Vapotherm Blog

A masked male clinician in scrubs and gloves holding a neonate

SHINE Trial Shows that Vapotherm® Improved Chances for Successful Intubation in Preterm Babies

The study, also known as the SHINE trial, followed a previously published protocol2 and examined whether use of high flow nasal cannula would improve the likelihood of first-time success of intubations in neonates. The authors concluded that this intervention does improve success by comparison to treatment as usual (TAU), which does not include supplemental oxygen. It’s worth noting that though the authors refer to the therapy as “nasal high-flow,” the trial was conducted using exclusively Vapotherm high velocity therapy, which is an advanced form of high flow.

Image of a female clinician putting a Vapotherm cannula on a pediatric patient

How does Vapotherm High Velocity Therapy Compare to Noninvasive Positive Pressure Ventilation (NiPPV)?

Vapotherm high velocity therapy provides mask-free ventilatory support to patients in respiratory distress. Given the cannula interface, this modality often gets confused for generic high flow—a respiratory support tool with a cannula interface that delivers high liters of flow at low velocity. However, unlike generic high flow, high velocity therapy is indicated for ventilatory support and can be used as a frontline tool for respiratory failure in patient populations traditionally treated with NiPPV. But what patient types can be managed and how does this Mask-Free NIV® compare to traditional NIV when it comes to patient outcomes?

Image of Dr. Doshi

Dr. Doshi High Velocity Nasal Insufflation in the Treatment of Respiratory Failure

In this episode, Dr. Doshi discusses high velocity nasal insufflation in the treatment of respiratory failure.

Image of a doctor and nurse going over charts together

Adult Hypercapnia Roundtable Discussion

High Velocity Therapy was an important part of Emergency Medicine and Critical Care Physicians and Clinicians respiratory support armamentarium during the COVID pandemic.  This resulted not only in a great increase in the awareness and use of the therapy for acute hypoxemic respiratory distress, but also for other patient types experiencing hypoxemic and/or hypercapnic respiratory distress.

Overview of Critical Access Hospital Respiratory Services Operations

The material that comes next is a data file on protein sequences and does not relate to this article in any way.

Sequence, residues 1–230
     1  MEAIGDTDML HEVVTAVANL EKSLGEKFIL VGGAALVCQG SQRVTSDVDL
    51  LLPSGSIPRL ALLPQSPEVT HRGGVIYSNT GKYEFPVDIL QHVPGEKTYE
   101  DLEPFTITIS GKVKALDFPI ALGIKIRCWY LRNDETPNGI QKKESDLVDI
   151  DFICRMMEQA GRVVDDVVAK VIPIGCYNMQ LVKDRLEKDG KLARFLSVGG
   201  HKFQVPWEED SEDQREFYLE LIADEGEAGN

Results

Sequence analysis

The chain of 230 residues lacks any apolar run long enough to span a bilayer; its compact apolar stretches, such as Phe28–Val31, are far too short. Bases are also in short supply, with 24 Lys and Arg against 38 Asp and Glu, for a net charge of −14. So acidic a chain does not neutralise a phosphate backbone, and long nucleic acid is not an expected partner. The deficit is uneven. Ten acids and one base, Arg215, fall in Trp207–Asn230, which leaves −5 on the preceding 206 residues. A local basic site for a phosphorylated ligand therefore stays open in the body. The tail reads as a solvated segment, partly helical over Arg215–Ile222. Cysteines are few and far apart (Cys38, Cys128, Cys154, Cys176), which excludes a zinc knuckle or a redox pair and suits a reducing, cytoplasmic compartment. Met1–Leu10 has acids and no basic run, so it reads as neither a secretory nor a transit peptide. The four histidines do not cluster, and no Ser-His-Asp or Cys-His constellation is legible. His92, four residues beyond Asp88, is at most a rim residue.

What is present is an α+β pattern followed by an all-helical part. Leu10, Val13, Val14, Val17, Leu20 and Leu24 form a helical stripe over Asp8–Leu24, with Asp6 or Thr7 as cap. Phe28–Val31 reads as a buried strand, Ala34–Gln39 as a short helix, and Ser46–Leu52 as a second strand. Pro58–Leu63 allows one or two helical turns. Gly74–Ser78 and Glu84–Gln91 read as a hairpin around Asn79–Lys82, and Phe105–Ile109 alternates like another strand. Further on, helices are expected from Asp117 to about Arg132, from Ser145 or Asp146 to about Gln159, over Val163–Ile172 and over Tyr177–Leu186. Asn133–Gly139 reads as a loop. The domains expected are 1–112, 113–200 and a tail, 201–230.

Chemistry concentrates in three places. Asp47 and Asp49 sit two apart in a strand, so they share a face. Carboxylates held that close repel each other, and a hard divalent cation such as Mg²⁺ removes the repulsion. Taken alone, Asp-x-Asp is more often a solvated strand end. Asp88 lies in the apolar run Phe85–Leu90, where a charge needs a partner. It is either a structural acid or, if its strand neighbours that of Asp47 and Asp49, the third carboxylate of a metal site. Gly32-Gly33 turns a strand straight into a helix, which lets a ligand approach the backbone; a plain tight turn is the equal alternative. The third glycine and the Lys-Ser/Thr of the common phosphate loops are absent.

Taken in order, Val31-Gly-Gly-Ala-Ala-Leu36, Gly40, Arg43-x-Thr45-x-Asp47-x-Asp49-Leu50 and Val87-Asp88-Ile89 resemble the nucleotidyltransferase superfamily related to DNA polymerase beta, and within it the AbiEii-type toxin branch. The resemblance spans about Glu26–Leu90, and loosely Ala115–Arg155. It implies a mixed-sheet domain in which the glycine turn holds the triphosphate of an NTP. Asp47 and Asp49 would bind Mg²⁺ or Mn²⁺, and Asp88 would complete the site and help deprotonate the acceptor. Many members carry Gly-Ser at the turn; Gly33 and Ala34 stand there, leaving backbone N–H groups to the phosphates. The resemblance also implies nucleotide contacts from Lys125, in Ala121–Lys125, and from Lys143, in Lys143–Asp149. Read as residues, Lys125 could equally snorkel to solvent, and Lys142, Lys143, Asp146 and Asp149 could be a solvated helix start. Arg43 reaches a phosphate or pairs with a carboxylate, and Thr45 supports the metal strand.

Critical Access Hospitals (CAH) are a subset of Rural Hospitals that have a special designation from the Centers of Medicare and Medicaid (CMS) that meet regulatory requirements, including:

Patient with Mask

New Study Adds Evidence that the Use of Vapotherm High Velocity Therapy Significantly Prevented Escalation to Invasive Mechanical Ventilation in Patients with Hypoxemic Respiratory Failure Due to COVID-19

Vapotherm high velocity therapy has received clinical consensus recommendation as an early option for mild to moderate symptoms of acute respiratory distress/failure associated with COVID-19 1,2. Clinical experts have reported that non-invasive options, including high velocity therapy, to support COVID-19 patients, including some severely ill ones, may reduce the numbers of patients requiring intubation, mechanical

Image of a doctor and nurse going over charts together

CPT Codes with Garry Kauffman and Joe Garcia

Garry Kauffman, RRT FAARC MPA FACHE, former AARC President, interviews Joe Garcia, RCP RRT, Regional Respiratory Director for California’s Central Valley for a National Healthcare System, to discuss the limitations a CPT based productivity system is in capturing Respiratory Department workload. They speak to how to track Respiratory Department value-added clinical activities that don’t have

Image of a doctor and nurse going over charts together

COVID Delta Expert Panel Discussion

Dr. Kirk Hinkley, MD FACEP, facilitates a panel discussion with Emergency Medicine and Critical Care Physicians about their experience with the current COVID Delta Variant surge in some of the most impacted areas of the United States.  The Panel covers how this surge is different from previous ones and the effect it has had on

Image of people in scrubs smiling together outside

Children’s Hospital Respiratory Department Operations

Garry Kauffman, RRT FAARC MPA FACHE, former AARC President, interviews Dave Crotwell, Respiratory Director for a tertiary Children’s Hospital in the Northwest to understand operational differences in a Children’s Hospital to Adult Hospital’s operations, specifically, as it relates to reimbursement, billing and productivity.  Although Children’s Hospitals largely have avoided capitated payment models that other Short Term Acute Care Hospitals have worked under since CMS

Image of a busy hospital corridor

Respiratory Department Directors Discuss Productivity

John Walsh, Vapotherm VP of Clinical, sits down with Ed Garcia and Jonathan Butler, two current and longtime Respiratory Department Directors, to discuss Respiratory Department Productivity.   Ed and Jonathan provide overviews of their current productivity systems and how they work with their leadership, finance and IT Teams to recognize the work that their department does (billable and non-billable; clinical, clinical support